How to create a workplace menopause policy

Dr Enya Doyle explains what a menopause policy at work is and the importance of having one. She also delves into how to go about creating an effective menopause policy and key considerations for organisations when doing so.

You might have heard about the increasing introduction of menopause-accommodating or menopause-friendly policies and wondered why they were necessary, whether your company should have one or even what it includes.

Menopause affects anyone who menstruates. And with studies such as the Chartered Institute for Personnel and Development’s (CIPD) showing the scale of the problem – they found three in five menopausal women were negatively affected at work – it’s important that your organisation considers how to support your employees and create a menopause-friendly workplace. Creating and introducing a menopause policy is a key step in doing this.


What is a menopause policy?

Menopause-accommodating policies encompass a set of guidelines and practices to support employees experiencing menopause and the accompanying physical and mental symptoms.

These policies are standalone documents that aim to complement other policies which create a work environment that acknowledges and addresses the physical and emotional challenges individuals may face during this life stage.


Why do organisations need a menopause policy?

Having a menopause policy signals awareness of and sensitivity to the additional barriers faced in the workplace because of menopausal symptoms. Menopause is a natural life stage that can impact individuals both physically and emotionally inside and outside of work, and a dedicated policy helps create understanding among colleagues and management, contributing to a more compassionate and productive work environment.

The policy can also help provide clarity around what is available in this specific context, bringing other policies which might cover flexible working, sickness leave, uniform codes etc. together in one place to make it easier for colleagues to understand and access information about what support is available for them.

How to write a menopause policy

Creating a menopause policy involves collaboration between employers, employees, and the Human Resources or People Team. Menopause policies should not be introduced overnight without consultation or adequate communication about its existence.

Some key steps to consider before implementing a policy:

Research and education

Understand the impact of menopause on individuals in your particular workplace context e.g. if you have employees who are off-site, or who do not have a desk-based job, off-the-shelf policies may not meet their needs. Educate yourself on best practices and policies already in place in similar organisations.

For example, in 2021, online fashion retailer ASOS offered additional paid leave for “life events” which could be used by those experiencing menopause. They offer the ability to work flexibly, take short notice leave or request to work from home.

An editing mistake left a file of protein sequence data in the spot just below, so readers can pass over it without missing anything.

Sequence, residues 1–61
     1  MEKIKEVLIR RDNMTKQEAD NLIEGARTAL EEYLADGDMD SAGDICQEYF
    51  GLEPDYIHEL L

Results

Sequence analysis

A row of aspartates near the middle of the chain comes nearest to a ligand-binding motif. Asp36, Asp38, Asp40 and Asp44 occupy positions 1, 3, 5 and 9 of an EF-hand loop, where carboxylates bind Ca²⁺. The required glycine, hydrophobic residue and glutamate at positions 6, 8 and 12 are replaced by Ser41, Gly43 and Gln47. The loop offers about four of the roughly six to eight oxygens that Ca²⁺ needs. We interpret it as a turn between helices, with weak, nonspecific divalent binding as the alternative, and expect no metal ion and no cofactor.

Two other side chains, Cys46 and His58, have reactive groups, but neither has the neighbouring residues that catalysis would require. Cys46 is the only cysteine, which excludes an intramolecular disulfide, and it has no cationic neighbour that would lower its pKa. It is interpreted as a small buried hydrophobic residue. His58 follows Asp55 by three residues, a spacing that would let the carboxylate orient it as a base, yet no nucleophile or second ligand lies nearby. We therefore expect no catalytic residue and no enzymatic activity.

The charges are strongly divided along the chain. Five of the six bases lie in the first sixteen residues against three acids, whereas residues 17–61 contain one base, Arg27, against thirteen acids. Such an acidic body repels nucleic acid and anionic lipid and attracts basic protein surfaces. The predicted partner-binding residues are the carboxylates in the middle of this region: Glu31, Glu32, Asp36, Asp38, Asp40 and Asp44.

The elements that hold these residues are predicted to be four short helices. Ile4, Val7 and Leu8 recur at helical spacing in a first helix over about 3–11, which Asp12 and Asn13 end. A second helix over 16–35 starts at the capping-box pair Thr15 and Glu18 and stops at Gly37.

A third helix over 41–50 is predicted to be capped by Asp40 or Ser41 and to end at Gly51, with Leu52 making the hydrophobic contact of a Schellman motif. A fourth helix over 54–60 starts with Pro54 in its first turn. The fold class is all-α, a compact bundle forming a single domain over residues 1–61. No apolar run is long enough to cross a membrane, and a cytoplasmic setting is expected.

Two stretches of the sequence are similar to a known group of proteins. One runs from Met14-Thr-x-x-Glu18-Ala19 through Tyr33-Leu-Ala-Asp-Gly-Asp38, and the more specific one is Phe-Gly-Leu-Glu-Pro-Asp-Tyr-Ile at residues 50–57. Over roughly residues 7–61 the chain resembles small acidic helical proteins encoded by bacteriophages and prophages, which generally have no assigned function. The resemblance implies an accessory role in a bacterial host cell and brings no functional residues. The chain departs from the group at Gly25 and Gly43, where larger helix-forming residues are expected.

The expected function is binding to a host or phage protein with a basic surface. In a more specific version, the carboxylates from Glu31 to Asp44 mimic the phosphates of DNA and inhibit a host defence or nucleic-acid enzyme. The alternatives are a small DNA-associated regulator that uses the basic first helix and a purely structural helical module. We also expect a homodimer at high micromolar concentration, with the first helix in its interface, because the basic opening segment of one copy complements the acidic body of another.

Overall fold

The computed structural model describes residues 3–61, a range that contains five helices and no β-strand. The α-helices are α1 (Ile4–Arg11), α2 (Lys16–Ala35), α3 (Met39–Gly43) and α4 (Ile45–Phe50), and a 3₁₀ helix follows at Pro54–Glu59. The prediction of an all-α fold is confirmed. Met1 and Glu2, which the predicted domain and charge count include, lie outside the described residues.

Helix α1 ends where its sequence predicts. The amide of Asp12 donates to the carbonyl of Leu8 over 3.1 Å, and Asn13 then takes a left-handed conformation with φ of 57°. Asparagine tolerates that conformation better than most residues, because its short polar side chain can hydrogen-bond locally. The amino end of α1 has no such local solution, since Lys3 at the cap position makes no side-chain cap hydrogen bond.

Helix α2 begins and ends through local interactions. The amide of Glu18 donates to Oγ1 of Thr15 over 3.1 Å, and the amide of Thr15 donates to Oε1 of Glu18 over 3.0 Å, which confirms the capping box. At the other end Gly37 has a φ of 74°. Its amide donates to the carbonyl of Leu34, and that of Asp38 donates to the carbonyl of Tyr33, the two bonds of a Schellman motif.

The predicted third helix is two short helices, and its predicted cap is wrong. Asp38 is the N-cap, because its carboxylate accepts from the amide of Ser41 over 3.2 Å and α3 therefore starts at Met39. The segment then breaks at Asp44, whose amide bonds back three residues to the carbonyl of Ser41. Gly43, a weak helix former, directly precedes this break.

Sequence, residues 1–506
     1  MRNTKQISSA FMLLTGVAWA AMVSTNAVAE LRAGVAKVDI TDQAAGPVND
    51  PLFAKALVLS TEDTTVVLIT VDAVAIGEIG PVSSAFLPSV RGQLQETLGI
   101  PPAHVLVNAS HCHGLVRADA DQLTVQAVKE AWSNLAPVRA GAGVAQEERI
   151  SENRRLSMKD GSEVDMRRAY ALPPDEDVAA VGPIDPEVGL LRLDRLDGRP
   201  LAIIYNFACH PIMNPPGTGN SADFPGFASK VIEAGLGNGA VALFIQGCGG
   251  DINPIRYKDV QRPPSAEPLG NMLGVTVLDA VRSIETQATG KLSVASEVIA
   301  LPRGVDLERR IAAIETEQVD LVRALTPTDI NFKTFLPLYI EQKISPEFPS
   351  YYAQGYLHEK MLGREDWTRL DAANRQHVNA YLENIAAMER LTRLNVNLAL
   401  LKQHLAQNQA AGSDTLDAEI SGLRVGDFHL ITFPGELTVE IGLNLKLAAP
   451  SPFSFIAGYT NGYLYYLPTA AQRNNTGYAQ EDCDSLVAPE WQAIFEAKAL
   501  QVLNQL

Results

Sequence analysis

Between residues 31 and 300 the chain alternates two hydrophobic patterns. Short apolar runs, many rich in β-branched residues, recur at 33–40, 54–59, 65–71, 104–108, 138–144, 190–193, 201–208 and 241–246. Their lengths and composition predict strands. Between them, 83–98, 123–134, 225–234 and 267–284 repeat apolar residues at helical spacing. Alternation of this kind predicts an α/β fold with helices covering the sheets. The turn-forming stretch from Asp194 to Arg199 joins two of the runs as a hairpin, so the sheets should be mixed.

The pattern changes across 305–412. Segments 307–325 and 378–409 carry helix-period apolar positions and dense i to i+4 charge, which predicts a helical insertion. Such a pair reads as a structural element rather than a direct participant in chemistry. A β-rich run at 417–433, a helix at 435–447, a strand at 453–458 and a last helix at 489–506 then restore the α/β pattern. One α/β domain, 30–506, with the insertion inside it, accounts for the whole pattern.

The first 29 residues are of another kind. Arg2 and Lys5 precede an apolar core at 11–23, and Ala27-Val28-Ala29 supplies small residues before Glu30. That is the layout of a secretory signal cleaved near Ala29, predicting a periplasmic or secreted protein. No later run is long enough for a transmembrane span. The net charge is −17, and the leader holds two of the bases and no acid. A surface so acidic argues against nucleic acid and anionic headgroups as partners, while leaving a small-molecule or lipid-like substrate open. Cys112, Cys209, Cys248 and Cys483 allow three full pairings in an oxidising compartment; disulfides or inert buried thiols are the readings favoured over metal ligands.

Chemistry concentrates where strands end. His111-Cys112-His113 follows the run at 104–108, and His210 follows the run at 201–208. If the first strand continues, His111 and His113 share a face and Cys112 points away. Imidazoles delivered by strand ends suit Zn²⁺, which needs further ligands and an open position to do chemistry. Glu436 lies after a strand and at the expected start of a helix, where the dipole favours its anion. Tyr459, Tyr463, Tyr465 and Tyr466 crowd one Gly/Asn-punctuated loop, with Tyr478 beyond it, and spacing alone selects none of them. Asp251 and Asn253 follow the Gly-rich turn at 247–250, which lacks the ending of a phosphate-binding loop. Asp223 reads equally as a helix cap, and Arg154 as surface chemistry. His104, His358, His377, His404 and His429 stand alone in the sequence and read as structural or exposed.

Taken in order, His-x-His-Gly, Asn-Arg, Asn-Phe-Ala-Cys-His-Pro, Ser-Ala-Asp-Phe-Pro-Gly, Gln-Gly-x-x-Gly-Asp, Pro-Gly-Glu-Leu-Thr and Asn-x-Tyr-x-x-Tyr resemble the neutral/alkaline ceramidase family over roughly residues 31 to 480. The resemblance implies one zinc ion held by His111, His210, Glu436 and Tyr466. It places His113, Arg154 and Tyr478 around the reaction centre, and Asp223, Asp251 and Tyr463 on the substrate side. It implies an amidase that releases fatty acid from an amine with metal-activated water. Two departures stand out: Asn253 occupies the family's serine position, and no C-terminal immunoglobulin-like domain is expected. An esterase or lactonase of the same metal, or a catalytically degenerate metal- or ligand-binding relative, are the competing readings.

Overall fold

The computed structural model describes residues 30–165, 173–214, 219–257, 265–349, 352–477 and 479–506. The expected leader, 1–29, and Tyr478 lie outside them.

Employee involvement

Involve your colleagues in the policy-making process beyond the committee responsible. Conduct surveys or focus groups to gather insights into their experiences and preferences. This is where the importance of training programs for both employees and managers could come in. Employee Resource Groups (ERGs) can also provide a platform for mutual support and shared experiences.

Implementation and awareness plan

Develop a clear plan for rolling out the policy, including communication strategies and training programmes for employees and managers. Increasing awareness can contribute to a more supportive and understanding workplace culture and set the tone for the new policy.

All employees should receive awareness training on menopause at work, and managers should additionally receive training on how to respond to a request for additional support relating to menopause.

Ensure that your workplace facilities meet the needs of employees experiencing menopausal symptoms, including considerations for restroom facilities, temperature control, and access to private spaces where needed.

Make sure that any policies that this new policy complements reference it, and any changes brought about as a result of the menopause policy are reflected everywhere else.


Consult with experts

Collaborating with experts to enhance the experience for peri-menopausal colleagues could involve support with your strategic approach, help with implementing policies and providing awareness training. By engaging specialists in women’s health and workplace well-being, your company can develop comprehensive policies that address the unique needs of individuals navigating peri-menopausal symptoms.

Through targeted training initiatives, colleagues and managers gain awareness, fostering a supportive environment. This collaborative effort ensures a workplace that not only acknowledges the challenges of peri-menopause but actively works towards creating an inclusive and accommodating atmosphere for all employees.